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Effective Marketing and Compassionate Advocacy in Family Law With Jonathan Breeden

Effective Marketing and Compassionate Advocacy in Family Law With Jonathan Breeden

November 15, 2023   |   Written by Gladiator Law Marketing
Jonathan Breeden Jonathan BreedenJonathan Breeden is the Owner of Breeden Law Office, a family law and criminal defense firm dedicated to representing families and individuals in North Carolina. The firm was founded by him in 2000 and operates across four locations in Raleigh, Angier, Garner, and Smithfield. With over two decades of experience, the Breeden Law Office has earned a reputation for its client-centered approach in the intricate and often sensitive arena of family law. As an attorney, Jonathan Breeden specializes in navigating complex issues like divorce, child custody, property distribution, and alimony. His emphasis on child welfare and alignment of legal outcomes with the best interests of the child sets a clear tone for his practice. Beyond family law, he also represents individuals charged with traffic violations, theft, assault, and other criminal offenses.
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Here’s a glimpse of what you’ll learn:

  • What Breeden Law Office specializes in, and what sets it apart from other firms
  • Jonathan Breeden talks about why he chose to specialize in family law
  • The value of providing a good experience despite unpredictable court outcomes
  • How Jonathan started his law firm after he got out of law school
  • Law firm marketing strategies and growth
  • The importance of a client-centered approach and helping people become the heroes of their life stories

In this episode…

Is effective marketing the key to a successful law firm? How can lawyers balance compassion in their practices, particularly in family law? According to Jonathan Breeden, a dedicated advocate in family law, successful marketing strategies combined with a client-centered, compassionate approach can significantly contribute to a law firm’s success. Drawing from his two decades of experience, Jonathan emphasizes the importance of crafting a law firm’s operations to serve clients better and meet their needs, especially when dealing with sensitive family legal matters. In this episode of 15 Minutes, host Chad Franzen speaks with Jonathan Breeden, Owner of Breeden Law Office. They discuss how effective marketing and client communication played a critical role in the firm’s growth and how focusing on the welfare of children became an essential guiding principle in Jonathan’s practice. They also touch upon Jonathan’s unique philosophical belief of enabling his clients to become the heroes of their life stories.

Resources mentioned in this episode:

Sponsor for this episode…

This episode is brought to you by Gladiator Law Marketing, where we deliver tailor-made services to help you accomplish your objectives and maximize your growth potential. To have a successful marketing campaign and make sure you’re getting the best ROI, your firm needs to have a better website and better content. At Gladiator Law Marketing, we use artificial intelligence, machine learning, and decades of experience to outperform the competition. To learn more, go to or schedule a free marketing consultation. You can also send an email to

Episode Transcript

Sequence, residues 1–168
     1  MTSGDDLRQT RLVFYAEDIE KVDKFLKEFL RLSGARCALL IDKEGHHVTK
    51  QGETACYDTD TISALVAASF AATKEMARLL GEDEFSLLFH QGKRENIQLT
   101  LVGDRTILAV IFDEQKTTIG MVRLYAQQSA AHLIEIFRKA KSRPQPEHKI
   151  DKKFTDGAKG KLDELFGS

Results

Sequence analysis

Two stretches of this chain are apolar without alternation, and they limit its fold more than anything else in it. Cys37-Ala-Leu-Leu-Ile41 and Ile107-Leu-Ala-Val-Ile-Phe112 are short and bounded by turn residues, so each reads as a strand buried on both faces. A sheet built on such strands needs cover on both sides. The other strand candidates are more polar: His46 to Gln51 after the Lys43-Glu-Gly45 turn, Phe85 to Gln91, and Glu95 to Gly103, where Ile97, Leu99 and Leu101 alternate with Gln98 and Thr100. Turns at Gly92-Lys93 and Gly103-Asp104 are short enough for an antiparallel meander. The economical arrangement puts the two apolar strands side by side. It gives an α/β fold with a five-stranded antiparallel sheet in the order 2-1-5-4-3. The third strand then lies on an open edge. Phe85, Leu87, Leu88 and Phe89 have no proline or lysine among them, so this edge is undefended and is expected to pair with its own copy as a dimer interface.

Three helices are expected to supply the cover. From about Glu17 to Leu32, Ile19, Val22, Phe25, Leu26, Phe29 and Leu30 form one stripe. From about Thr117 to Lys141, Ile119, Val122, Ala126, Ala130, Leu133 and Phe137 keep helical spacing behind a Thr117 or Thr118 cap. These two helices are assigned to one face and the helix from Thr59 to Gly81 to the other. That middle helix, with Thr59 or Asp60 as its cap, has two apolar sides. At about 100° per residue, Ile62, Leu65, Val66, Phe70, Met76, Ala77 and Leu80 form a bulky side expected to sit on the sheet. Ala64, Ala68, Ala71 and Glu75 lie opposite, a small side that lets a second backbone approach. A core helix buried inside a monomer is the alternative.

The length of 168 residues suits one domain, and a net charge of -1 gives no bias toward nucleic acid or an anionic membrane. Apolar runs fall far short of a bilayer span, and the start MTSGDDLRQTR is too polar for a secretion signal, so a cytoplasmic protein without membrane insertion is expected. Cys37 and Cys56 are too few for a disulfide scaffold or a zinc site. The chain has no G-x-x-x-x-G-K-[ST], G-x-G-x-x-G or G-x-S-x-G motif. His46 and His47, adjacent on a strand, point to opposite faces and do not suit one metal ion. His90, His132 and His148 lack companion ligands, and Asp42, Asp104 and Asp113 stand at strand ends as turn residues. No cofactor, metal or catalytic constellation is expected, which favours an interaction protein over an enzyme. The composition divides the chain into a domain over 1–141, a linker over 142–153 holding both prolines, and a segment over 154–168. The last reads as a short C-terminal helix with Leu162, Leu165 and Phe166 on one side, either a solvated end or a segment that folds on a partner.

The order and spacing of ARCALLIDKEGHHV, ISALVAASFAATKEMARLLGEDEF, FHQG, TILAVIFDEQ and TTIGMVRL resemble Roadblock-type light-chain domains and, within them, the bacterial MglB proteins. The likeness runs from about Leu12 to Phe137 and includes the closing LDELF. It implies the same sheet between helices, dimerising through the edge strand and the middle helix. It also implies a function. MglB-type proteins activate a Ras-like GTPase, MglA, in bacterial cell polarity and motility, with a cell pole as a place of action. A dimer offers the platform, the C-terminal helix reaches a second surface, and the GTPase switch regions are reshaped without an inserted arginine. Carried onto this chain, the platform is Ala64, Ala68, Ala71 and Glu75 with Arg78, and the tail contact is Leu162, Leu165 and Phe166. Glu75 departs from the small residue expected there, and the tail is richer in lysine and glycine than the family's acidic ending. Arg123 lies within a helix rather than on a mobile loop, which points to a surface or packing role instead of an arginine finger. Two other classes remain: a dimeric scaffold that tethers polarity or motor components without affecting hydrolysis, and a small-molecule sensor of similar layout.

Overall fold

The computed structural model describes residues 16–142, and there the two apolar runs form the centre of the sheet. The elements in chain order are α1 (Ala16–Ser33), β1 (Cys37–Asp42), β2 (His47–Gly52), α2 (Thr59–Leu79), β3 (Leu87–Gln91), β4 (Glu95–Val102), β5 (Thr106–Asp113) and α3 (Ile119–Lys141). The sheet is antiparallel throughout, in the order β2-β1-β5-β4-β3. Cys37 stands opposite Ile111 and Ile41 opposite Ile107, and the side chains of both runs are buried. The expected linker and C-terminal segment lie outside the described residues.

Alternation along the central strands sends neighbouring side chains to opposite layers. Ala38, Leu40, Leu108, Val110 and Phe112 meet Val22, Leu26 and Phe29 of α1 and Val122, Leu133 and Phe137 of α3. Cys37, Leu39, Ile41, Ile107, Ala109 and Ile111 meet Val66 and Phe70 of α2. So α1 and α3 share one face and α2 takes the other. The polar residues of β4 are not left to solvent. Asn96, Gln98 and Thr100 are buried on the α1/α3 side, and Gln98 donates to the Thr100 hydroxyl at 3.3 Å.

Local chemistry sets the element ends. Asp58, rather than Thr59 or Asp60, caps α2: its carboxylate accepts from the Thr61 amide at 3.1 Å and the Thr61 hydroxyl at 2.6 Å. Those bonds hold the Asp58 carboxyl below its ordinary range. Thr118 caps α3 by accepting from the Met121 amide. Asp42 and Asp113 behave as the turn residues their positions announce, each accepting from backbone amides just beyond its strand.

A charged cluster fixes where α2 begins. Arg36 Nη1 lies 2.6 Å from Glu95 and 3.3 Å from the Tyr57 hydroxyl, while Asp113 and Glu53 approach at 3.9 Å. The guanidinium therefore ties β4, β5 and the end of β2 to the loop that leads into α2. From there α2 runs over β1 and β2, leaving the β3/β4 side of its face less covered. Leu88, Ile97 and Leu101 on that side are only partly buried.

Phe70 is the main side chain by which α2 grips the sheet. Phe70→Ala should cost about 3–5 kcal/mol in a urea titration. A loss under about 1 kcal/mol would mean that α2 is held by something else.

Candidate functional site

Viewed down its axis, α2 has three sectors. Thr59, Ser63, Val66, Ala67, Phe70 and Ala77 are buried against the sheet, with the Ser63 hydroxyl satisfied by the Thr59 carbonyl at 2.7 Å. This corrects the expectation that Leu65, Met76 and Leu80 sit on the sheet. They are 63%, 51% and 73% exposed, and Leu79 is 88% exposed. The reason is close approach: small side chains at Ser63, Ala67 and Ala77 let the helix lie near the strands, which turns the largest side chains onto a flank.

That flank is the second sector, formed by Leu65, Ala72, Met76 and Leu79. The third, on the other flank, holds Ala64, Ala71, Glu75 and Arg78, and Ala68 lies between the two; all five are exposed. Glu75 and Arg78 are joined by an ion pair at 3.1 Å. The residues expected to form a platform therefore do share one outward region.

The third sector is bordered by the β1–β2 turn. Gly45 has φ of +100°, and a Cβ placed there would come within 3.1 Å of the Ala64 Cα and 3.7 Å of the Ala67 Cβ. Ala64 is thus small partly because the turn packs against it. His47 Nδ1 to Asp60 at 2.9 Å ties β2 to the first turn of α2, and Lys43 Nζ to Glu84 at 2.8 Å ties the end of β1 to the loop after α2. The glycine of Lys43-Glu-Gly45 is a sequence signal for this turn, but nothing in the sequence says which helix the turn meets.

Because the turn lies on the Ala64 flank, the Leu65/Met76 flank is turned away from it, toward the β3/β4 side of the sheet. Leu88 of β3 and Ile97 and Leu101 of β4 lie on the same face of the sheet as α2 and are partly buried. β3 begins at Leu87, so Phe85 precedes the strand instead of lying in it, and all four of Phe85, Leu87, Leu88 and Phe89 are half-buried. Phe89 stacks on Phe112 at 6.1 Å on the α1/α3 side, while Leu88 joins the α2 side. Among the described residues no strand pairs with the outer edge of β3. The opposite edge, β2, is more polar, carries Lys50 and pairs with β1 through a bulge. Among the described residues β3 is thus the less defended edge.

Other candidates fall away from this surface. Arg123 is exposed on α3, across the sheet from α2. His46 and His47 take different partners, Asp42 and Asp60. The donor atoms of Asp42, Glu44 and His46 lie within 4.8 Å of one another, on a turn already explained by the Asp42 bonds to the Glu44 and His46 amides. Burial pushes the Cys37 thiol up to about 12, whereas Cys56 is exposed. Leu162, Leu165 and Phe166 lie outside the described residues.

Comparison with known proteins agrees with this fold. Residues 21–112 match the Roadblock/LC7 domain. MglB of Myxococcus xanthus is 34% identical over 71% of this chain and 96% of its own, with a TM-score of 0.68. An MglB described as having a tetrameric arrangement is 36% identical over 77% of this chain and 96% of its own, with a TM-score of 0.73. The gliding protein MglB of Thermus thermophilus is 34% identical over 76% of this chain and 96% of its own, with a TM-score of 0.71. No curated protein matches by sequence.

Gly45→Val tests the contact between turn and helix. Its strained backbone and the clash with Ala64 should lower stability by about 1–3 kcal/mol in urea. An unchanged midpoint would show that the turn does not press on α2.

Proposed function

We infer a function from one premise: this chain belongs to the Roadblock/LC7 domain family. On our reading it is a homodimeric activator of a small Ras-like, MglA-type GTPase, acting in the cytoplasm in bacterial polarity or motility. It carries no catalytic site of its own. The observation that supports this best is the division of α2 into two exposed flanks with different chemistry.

Intro  0:01   You’re listening to 15 Minutes, where we feature community leaders sharing what the rest of us should know but likely don’t. Chad Franzen  0:12   Hi. Chad Franzen here, one of the hosts of Share Your Voice where we talk with top notch law firms and lawyers about what it takes to grow a successful law practice. This episode is brought to you by Gladiator Law Marketing delivering tailor made services to help you accomplish your objectives and maximize your growth potential. To have a successful marketing campaign and make sure you’re getting the best ROI, your firm needs to have a better website and better content. Gladiator Law Marketing uses artificial intelligence, machine learning and decades of experience to outperform the competition. To learn more, go to where you can schedule a free marketing consultation. Jonathan Breeden is the owner of Breeden Law Office, which he started in the year 2000. The firm is located in the suburbs of Raleigh, North Carolina. His firm has represented families in Johnston, Harnett and Wake counties in North Carolina for the past 23 years. At Breeden Law, their goal is to provide a client centered approach to family law, which allows their clients to be the heroes of their life stories. Hey, Jonathan, thanks so much for joining me today. How are you? Jonathan Breeden  1:14   Hey, thank you. I appreciate you having me on. I’ve been looking forward to this for a couple of weeks now. Chad Franzen  1:20   Good. Yeah. It’s great to have you. So hey, just tell me a little bit more about Breeden Law and kind of what you guys do and specialize in? Jonathan Breeden  1:28   Yeah, the Breeden Law Office is a full service family law firm here in the suburbs of Raleigh, North Carolina. We do have one of our satellite offices in the downtown Raleigh area. We have offices in Johnston County with two offices in Johnston County, including our main office here in Garner at the intersection of i 40 and holiday 42. We also have an office in Smithfield. And we also have an office and you’re in Harnett County. We currently have five attorneys and five or six support staff working with us and we serve clients and Jonathan Hart in Wake County. So for your listeners that aren’t familiar, Raleigh is where Wake County is located and as a couple of million people and then our to two of our other primary counties or the suburbs around Raleigh, and smaller suburban counties that have exploded like a lot of counties around the area, the Raleigh, North Carolina area being the fastest growing area in North America. In a lot of surveys, sometimes it’s either first or second or third. So there’s a lot of young families we’re able to help right now. And we do all types of family law, child custody, divorce, equity, distribution of property, post separation support, alimony, adoptions, we do wills, powers of attorneys, guardianships, if it is for your family, we help people do it every day. Chad Franzen  2:57   What would you say maybe separates Breeden Law apart from other firms who have a similar niche? Jonathan Breeden  3:04   I think it’s our client centered approach, that we really work very hard. On the cases that we have, we move the cases, to conclusion as fast as possible, we communicate with our clients every single day that they asked to be communicated with, I would bet that 95% of all communications to my office are returned by somebody within 24 hours. And what we’ve found out here is that most law firms are not responsive to their clients, as they probably should be, they are woefully understaffed, which we are not. And so they do the best they can, but they’re not able to really focus on the client. And, you know, we our goal is really to try to answer a question before it’s asked, you know, you’re not going to come work with the Brady law office and not know what status your case is in, or what’s going to happen next, or when your next court date is, or even if your case has been filed, you’d be amazed at the people that come in here that know nothing about what’s going on in their case, they paid lawyers thousands of dollars because they haven’t been communicated with. And so that’s really what we try to do. You know, I put all of my staff I haven’t listened to podcast and read things as it relates to Disney. So there are a lot of ex Disney executives out there. We’re podcast, I asked my staff to listen to those. I listen to those. I find that the way Disney provides customer service is excellent. And if I can do the same thing for my clients that Disney does for the families that go there, I think I’m doing a good job. Chad Franzen  4:45   Wow, that’s that’s very interesting. I haven’t I haven’t heard that. What made you think of that? The Disney aspect. Jonathan Breeden  4:52   You know, I The funny thing is I’ve not been to Disney. Um, since I was a since I was in high school until about two years ago, but I have a business coach who helps me out. And at one of the conferences I was at a former Disney executive came and spoke about how to sort of Disney-fy your practice. And he talked about the things that Disney does to enhance the customer experience that you might not even realize while you’re there. You know, from from, from the, from how the cast members dress to how the cast members address you to little tricks, like they have people whose job it is to sit out front of a gift shop and bounce your kid a goofy ball, so that the kid will bounce back that creates an interaction, then you bond $25 goofy ball, you know also about how Disney is constantly improving itself. By getting advice, from the people doing the job, everything can be improved, no process is completely complete. And you know that it got me to thinking about how could I do that here? How could we better the processes here? What are the little things that we could do here to make the difference that Disney makes that you might not even realize, after that person spoke at this conference I was at in 2020. I then went to Disneyland in 2021. And then I went to Disney World in 2022. And was really amazed at the things I saw the things that I need to look for how to listen to the speaker. By then I started listening to some of the former Disney executives podcasts that are out there. And they talk about how Disney does things. And it really was fascinating, I spent as much time watching the interactions and having and I was very fortunate and a great, I have a cousin who works at Disney, who took us around a little bit and showed us some of the things that she had been trained to do. So it really is fascinating, but Disney really is focused on the customer experience. And I think 80 or 85%, or maybe more people that go to Disney every year have been there before the repeat customer. And so, you know, I just now think about how can we get you know, like the outcome and family law is often predetermined a little bit by the decisions that people have made before they get here, right, whether they, they drink too much, they there’s domestic violence, maybe they have a drug problem they haven’t been able to handle. But financial crisis is, you know, a lot of things happen, right, a lot of everybody’s doing the best they can do. And so, you know, and so the judges are gonna make decisions that they think are best, they’re gonna follow the law, or they’re gonna make decisions that are best for the for the children. And the client may not always agree with that. And I can’t, I can’t control what that judge decides, I can’t really change the facts, but I can affect how your experience is with my office and with the court system, and then you’re getting a good value for the money you’re spending. So a lot of money to hire divorce lawyer in this area, you know, it’s 1000s and 1000s of dollars, you know, it’s a lot of money, I don’t care who you are, whether you have a lot of money, you don’t have a lot of money, it’s a lot of money. And I’m not going to forget that. And if you’re here working with us, you know, we’re going to make sure you get as good a value for the money, you’re paying as possible. And you have a good experience, even though the outcome will get you the best outcome we can, but sometimes we can’t, you know, we don’t control the outcome because we’re not the judge. Chad Franzen  8:40   What, how and when did you know you wanted to become an attorney? Jonathan Breeden  8:44   You know, it’s funny, I’m asked that question all the time. I think it was when I was in a ninth grade, high school civics class and Laurinburg, North Carolina, at Scotland high school taught by a teacher who passed away a few months ago got a Spencer Willard, and in high school civics in North Carolina, part of the curriculum is that you read the some of the Federalist Papers, and you study a little bit of the Constitution in that class. And when I read those federalist papers, and I saw how these English subjects, I guess, saw their country and the government that they wanted and what they didn’t like about the king and the oppression that they were suffering from. It was really fascinating, you know, to read about those those ideas of the government and, and, and, you know, and so that’s when I really, that’s when I really thought this is really neat, right? These men put their lives on the line, all of them knowing that they were going to die at the hands of the British by doing what they did, knowing that they probably would lose all of their riches by attacking the British Just like they were willing to do, but you know what ultimately led to the Declaration of Independence and all of that. And so that really was fascinating to me. And that’s when I started thinking that I really made me want to become a lawyer was when I was in the ninth grade. And if any of your listeners have not been to Colonial Williamsburg, and Williamsburg, Virginia, I would highly recommend it. I go on a regular basis. There, there are probably 75 buildings that have been rebuilt of original buildings, I think are still there. They have lots of reenactors, who tell the story of its citizens at the time. And it’s a fascinating place. I think everybody should go to Williamsburg, Virginia, at least one time. Chad Franzen  10:41   So once you decided to go into law, there are multiple avenues you can go down what attracted you to this type of law practice family law. Jonathan Breeden  10:49   You know, I kind of ended up in it, I thought by accident. But now looking back on it, I think it was really kind of a calling. I went to NC State University. I’m a huge Wolfpack fan. When I got out of NC State. Finished in three years, I went to Campbell University’s Law School, which is now in downtown Raleigh at the time I went, it was in buoys Creek, North Carolina, where the main University is. And, you know, I went to that law school because I wanted to start my own law practice and not law school at the most practical training in North Carolina at the time, and gave a good general overview of the law and all of its students at an extremely high bar passage rate. And I thought, well, if I if if I can get through it, I’ll probably pass the bar. If I have a license, maybe I can make a living. And so when I came out, I came right here to this intersection in Johnson County, 15 miles from downtown Raleigh, because it was a fast growing area. And I came out wanting to do criminal defense, I had interned in the DHS office of law school. In high school, I didn’t turn in the public defender’s office back in Scotland County. And it being in the Dean’s office made me realize I did not want to be a prosecutor, I wanted to be a defense attorney. And so I came here. And I started doing criminal defense court appointed work, but also started representing families whose children had been put into foster care to the Department of Social Services. And I found that to be more rewarding working with those parents who had lost their children, often through drug or alcohol abuse, domestic violence, and working with those parents to try to get them vocational skills and the different things that the step that the county in the state can offer to help them get their children back. And I found that to be more rewarding than I found the criminal defense even though I found a criminal defense to be very rewarding. And being in the suburbs, a lot of young families started showing up needing help, and I was a young attorney who needed work. And so I took a custody case. And then I took a property case. And then I took an alimony case. And I learned a lot from the other attorneys who were willing to help very collegial bar out here in the suburbs, friendly, you know, this is Eastern North Carolina, a lot of really nice people. And so and I really, I enjoyed it, I enjoyed working with the people, I really tried to focus on the children, and what the outcome was best for the children. Because your client always isn’t always looking out for the children, your clients feelings are hurt, they’re mad at the other side, they want to get back at them. And they often want to try to use the children as weapons. And that’s not good, right. And so I would spend a lot of time saying, Well, let’s look what’s best for the children. And I still today, try to focus on what’s best for the children. And as we started to get good outcomes for these children, getting them back out of foster care back with their parents, you know, fixing it were dads who are not being able to allow to see their children for no reason other than my mom was mad that she got left for another woman, getting those dads back in their children’s lives, you know, getting some children out of abusive situations into more positive situations. And that, that’s when I really said, Okay, this is what I want to do, right? I was just so happy. You know, and I got so much joy, watching how these children got better. And then the children would come back by and they would visit me and I would see him on Facebook. And I would see him at the little league ballpark playing with my kids or they would be in my kids classes. And I would know where they started. And I can see where they are. And to know that I played some small role in helping those children have the best outcome they were going to have or could have was was extremely rewarding. And I tell a lot of people that you can do a lot with a God given talent that I have. But the thing that if you can help a child, you know, there’s nothing better. And so that’s what I tried to focus on now because family law is hard, right? The facts are hard. The emotions are hard. People are upset, they’re stressed. They often take And out on their attorneys. And the attorneys have to be willing to accept some of that if they’re going to be in family law. And it’s been a really, it’s been a really fun, fun and enjoyable time to help children. And now, those children, I’ve been doing this so long at the same intersection, that those sort of grown up and they act children, and I’ve gotten to know those children. So I’m just a really big family law kind of guy. And I find out my passion and trying to make children’s lives better. Chad Franzen  15:31   That’s great, fantastic. What did you did you just start your own law firm, right after you got out of law school then? Jonathan Breeden  15:37   I did. I came right here to what we call us 4042. Right here in the labor community, Johnston County right outside of Raleigh. And I started a practice, I didn’t have any help. I did it myself for two years. And been right here. This has been my primary office the whole time, I’ve had, you know, a lot of different associates and paralegals and staff helped me over the years. And I’ve been right here. And I’ve been growing the business since then. But the business really took off about four or five years ago, when I know you were Gladiator Law Marketing, and I changed marketing companies, and I got a very good marketing company. And if you can check, you know, once you change the number of leads you have, then the rest of it can change too. It’s it’s hard, I think it’s easier to get the leads that convert them and provide a good service. But it’s but but once we got a different marketing company than the one we’ve been with, things are really, really took off. And if you’re out there, and you’re an attorney, and you’re listening to this, and you don’t have the leads that you think you should have, or you don’t know what the leads are, you need to find out because you can tremendously change the future of your business, by marketing the right way. In any community in America, I don’t care where you are, if it’s marketing correctly now with Google. Chad Franzen  17:02   So what were the what were the early days, like when it was just you and you obviously weren’t working with a marketing company? How did you go about getting clients? Jonathan Breeden  17:11   Oh, my goodness, that’s Oh, man, that was a long time ago, I, I did a lot of Chamber of Commerce events, I went to a lot of ribbon cuttings and breakfasts is and after hours, and I still go to those things. Now. You know, I’m not looking for business there. Now, as much as I’m looking to catch up with friends and make people remember, I’ve not gone, I also bought a small yellow page ad. And you know, and then within a year of starting out, I developed what was my very first website, which, you know, there weren’t very many websites back then. And we sort of started to go to go with that I was working with firewall back then, really weren’t with him anymore. But they were able to help me when I was early on. Chad Franzen  17:58   And then you mentioned that over the past four years, things have really taken off for you what has been the big difference between marketing companies. Jonathan Breeden  18:07   Um, I think getting a website that works the way Google does, you know, I, you know, SEO is a constant game. And you have to be looking at it or having somebody look at it every week, because the algorithms change. Google changes the rules, they prioritize certain things, they, they don’t prioritize other things. You also have to be creating new content. And putting that out there into the world, whether it be video content on YouTube, which Google owns, whether that’s blogs, you know, and you also have to focus on your, your Google My Business page, I don’t know if they still call it Google My Business, but I will always sort of call that and make sure that that page is optimized, and it’s doing the things you need it to do for you as well. And it’s not a single thing when it comes to marketing. I also wrote a book that is also available for download on my on my website at about divorce law in North Carolina. And the way I choose to go about doing that and why I do what I do, which is some of the stuff I’ve just shared with you. And you know, we we’ve got we’re shooting videos every month now we’re putting those on YouTube. We’re we’ve got blogs coming out every month. We have a publicist now, who looks for chances for me to answer questions and be quoted in national magazines and national websites, like, and stuff like that. So So you really have to look at it from a holistic approach. And it’s not one single thing. And when I changed marketing companies, that’s what they taught me, and that’s what we’ve done. And so Now we get lots and lots and lots of leads. And we have to, you know, figure out how to deal with them. Chad Franzen  20:06   Oh, that’s, that’s good. So you’ve been at it for 23 years now, is there a moment or a few moments that stand out as like, highlights of the times that you’re particularly proud of? Jonathan Breeden  20:18   You know, I mean, there’s been a lot of things to be proud of, you know, you can look at individual cases, where, you know, you’ve got really good outcomes, particularly when you get kids out of really bad situations. You know, we’ve gotten some kids out of situations where they were being they were being harmed, they were being tortured. You know, it’s, you know, so I think about those. You know, as far as you know, the individual cases, we’ve done some pro bono cases, over the years that have been very rewarding, where we, we’ve still got one, it’s still going on right now where the young man had gotten in trouble. early in life, he had a child or went to prison. He was he was selling drugs, you weren’t using drugs, he was selling drugs. But he came out, he got stranded, he completed his probation. And the mother for whatever reason, just didn’t want him to see the child. And this was somebody who was a janitor in Alabama, who did not have the money to have an attorney, but he wanted to be in his child’s life. And the mother just didn’t want him to be in the child’s life. And we took that case, after being contacted about father’s rights group out of Atlanta, in Raleigh, we’ve had that case for five or six years now. And that father, Nana has full custody of his son, from not being able to see a son at all. Finally, the court got tired of the mother did not follow the court’s order, the court put the mother in jail for violating the order, and gave the father deceit his son and his son has done great, he’s now in high school, and he’s doing awesome. So you know, those are the cases, you know, those are the ones that sort of think about that. From a business standpoint, you know, you know, changing from firewall, back in 2016, to the marketing company, where we’ve now, you know, was was a big change. And, and that, you know, that really did change the direction because we’re able to get a lot more leads and serve a lot more people. And, you know, I really feel like the regional office does things the right way. I think we’re client centered, we’re trying to help people become the hero of their life stories, we meet people where they are. And that’s all really important. And but now that we have more leads that we can serve more people, I think more people are served correctly. And that’s the thing is that we can help more families and more children, because we can reach more people and the way that we choose to do it, which I believe is better than the way other people do it. Chad Franzen  22:39   I have one more question for you. But tell me how people can find out more than about Breeden Law. Jonathan Breeden  22:44   Yeah, they can. They can, they can give us a call at 919-661-4970. Or they can reach out to us at That is Where we have our book we have, you can chat with us on there, get download our book, you can read all our blogs, that website has over 300 pages, and over 100 blogs on it along with over as a link to our YouTube page. You can just search bring law office on YouTube. There’s over 150 videos, where I asked I just common questions that we get every day. And so that’s how you can reach out to us. I’m also on LinkedIn, just Jonathan Breeden on LinkedIn. And of course, everybody’s on Facebook Breeden Law Office on Facebook and Twitter @breedenlawnc, I should be able to say this a lot quicker than that. But anyway. Chad Franzen  23:41   No worries. Sounds good. So last question for you. You talked about people being the hero of their own life story. How did you kind of come up with that vision? And what do you mean by that? Jonathan Breeden  23:51   I mean, everybody, I believe I know, I would like to be the hero of my story, right? We all see ourselves as heroes. And maybe we don’t always act the best. You know what I mean? We’re all human, we all sin. You don’t I mean, we all make mistakes. But we’re all trying to be the hero. Because we grew up watching heroes in the movies and stuff like that, you know, you have Batman and Superman and all of that. And so I think that’s what people want to be. That’s what I would like to be. And oftentimes, when people are going through a divorce or separation or a custody battle, even though they weren’t married, you know, they’re down on themselves, right? They’re disappointed in themselves. They’re disappointed in the other side. You know, sometimes they’re, they’re disappointed in their own children in the way their children are behaving in the situation. And they want to they want to get back there and so we can help them be that hero that they want to be and that they are right we all are the heroes in our life story, whether we look at it or not, right. So we try to get people to look at this more positive Like, yeah, maybe that was a mistake. Maybe you drank too much. Maybe you got addicted to drugs. But you know, nothing is permanent, right? We always want to move forward. We always want to be positive. You know, nothing today is going to change tomorrow when I’ve been promised tomorrow, so we can help people get back to doing things the right way. Get back involved in their children, you know, then they can be the hero that they want to be. And that’s what we strive to achieve. Chad Franzen  25:26   That’s great. Good for you. Hey, Jonathan has been great talking to you today. Thank you so much for joining me and sharing your story and your time. Really appreciate it. Jonathan Breeden  25:33   Hey, thanks a lot. I appreciate it. Chad Franzen  25:36   So long, everybody. Outro  25:39   Thanks for listening to 15 Minutes, be sure to subscribe and we’ll see you next time.